Other Factors to Consider
Inertia is a force that is actively fighting your organizational design. All else being equal, change is hard, and people will be naturally resistant to it. Assuming you overcome that, enacting change is a lot of work. You need to communicate the changes, move people around, and change the names of teams in hundreds of places. Teams with personnel or mission changes will be starting further back on the forming/norming/storming curve.
Changes in code ownership have their own cost. There should be a very good reason for moving ownership between teams. “Keep the Lights On” (KTLO) type work should be as uniform as possible across teams, which may involve additional ownership changes.
Teams and organization names are a powerful tool for autonomy, i.e. “You’re the Activation team, you’re empowered to own anything that involves user activation across the entire company”. But names can also be burdens, as in “every team with something they can squint at and call activation work is going to try to get you to own that”.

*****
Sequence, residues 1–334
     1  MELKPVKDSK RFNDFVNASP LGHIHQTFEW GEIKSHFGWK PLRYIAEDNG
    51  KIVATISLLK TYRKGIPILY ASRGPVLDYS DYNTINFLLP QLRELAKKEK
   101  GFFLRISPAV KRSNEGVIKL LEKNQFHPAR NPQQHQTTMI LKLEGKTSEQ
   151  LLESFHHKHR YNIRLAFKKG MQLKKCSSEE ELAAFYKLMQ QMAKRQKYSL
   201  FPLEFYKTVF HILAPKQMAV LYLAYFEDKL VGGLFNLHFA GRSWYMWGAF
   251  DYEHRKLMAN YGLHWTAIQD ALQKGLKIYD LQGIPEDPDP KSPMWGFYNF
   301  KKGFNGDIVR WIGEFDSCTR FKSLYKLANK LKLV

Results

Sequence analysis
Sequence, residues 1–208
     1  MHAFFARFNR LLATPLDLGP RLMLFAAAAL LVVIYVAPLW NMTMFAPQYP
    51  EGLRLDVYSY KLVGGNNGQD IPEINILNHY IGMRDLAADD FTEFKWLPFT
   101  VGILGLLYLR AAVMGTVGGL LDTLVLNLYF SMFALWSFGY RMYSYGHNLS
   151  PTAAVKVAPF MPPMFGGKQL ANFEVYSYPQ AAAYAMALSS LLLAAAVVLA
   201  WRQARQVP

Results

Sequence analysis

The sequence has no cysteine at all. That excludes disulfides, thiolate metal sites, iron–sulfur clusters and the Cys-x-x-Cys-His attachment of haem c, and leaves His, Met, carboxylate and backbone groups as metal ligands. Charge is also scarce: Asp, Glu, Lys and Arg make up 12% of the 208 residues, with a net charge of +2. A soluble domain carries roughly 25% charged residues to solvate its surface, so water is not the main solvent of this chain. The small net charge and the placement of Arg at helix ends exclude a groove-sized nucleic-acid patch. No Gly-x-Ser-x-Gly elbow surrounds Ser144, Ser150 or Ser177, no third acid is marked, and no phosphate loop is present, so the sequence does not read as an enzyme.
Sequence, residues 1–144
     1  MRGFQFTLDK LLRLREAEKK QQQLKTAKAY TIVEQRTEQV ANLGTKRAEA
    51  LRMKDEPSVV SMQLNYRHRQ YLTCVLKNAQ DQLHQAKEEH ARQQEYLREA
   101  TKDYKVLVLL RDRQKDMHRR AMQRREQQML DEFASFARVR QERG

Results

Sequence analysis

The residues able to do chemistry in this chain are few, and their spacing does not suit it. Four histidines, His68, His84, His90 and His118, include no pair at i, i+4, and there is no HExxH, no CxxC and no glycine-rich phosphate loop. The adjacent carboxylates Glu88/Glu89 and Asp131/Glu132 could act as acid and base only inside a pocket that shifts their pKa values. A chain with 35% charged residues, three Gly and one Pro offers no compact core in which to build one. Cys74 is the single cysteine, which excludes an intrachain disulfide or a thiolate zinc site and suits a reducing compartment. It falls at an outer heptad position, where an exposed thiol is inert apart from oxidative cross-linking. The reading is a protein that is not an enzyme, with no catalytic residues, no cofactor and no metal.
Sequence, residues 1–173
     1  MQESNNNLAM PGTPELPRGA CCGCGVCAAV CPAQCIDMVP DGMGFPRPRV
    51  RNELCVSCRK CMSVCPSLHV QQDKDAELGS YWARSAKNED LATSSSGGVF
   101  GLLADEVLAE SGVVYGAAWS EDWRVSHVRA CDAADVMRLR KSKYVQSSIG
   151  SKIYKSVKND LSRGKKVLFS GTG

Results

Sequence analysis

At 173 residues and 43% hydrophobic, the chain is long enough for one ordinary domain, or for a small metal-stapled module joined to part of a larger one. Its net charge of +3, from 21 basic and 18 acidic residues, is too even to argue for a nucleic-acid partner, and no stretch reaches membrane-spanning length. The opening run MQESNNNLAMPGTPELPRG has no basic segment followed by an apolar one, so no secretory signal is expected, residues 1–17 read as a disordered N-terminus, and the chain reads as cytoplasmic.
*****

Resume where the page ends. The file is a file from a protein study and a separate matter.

You should also consider whether to group specialized skill sets together (i.e. Mobile, Devops, etc). You may also want to think about giving teams the largest possible “swim lane” to an organization, where they can have autonomy, cohesion, and separation of concerns from others.
There is no perfect solution that will solve all factors. The best you can do is pick a set of dimensions to optimize for, and be aware of the trade-offs you’re making.
As an organizational design changes over time, you will make different trade-offs. This is fine, because there is no perfect organization structure. If you stay at a company long enough, you may see a particular pendulum swing back and forth more than once. Each time is a response to a current problem.
Organizational design is not something you can solve permanently. It will need to be solved again as strategies change, and projects come and go. You can only design an organization for about 12 months, the typical macrocycle where both company and team roadmaps are most stable.
Remember to not create dependencies if you don’t have to. Definitely don’t architect in more dependencies than absolutely necessary. Make the best trade-offs you can, for today. You can always make different trade-offs in the next reorg!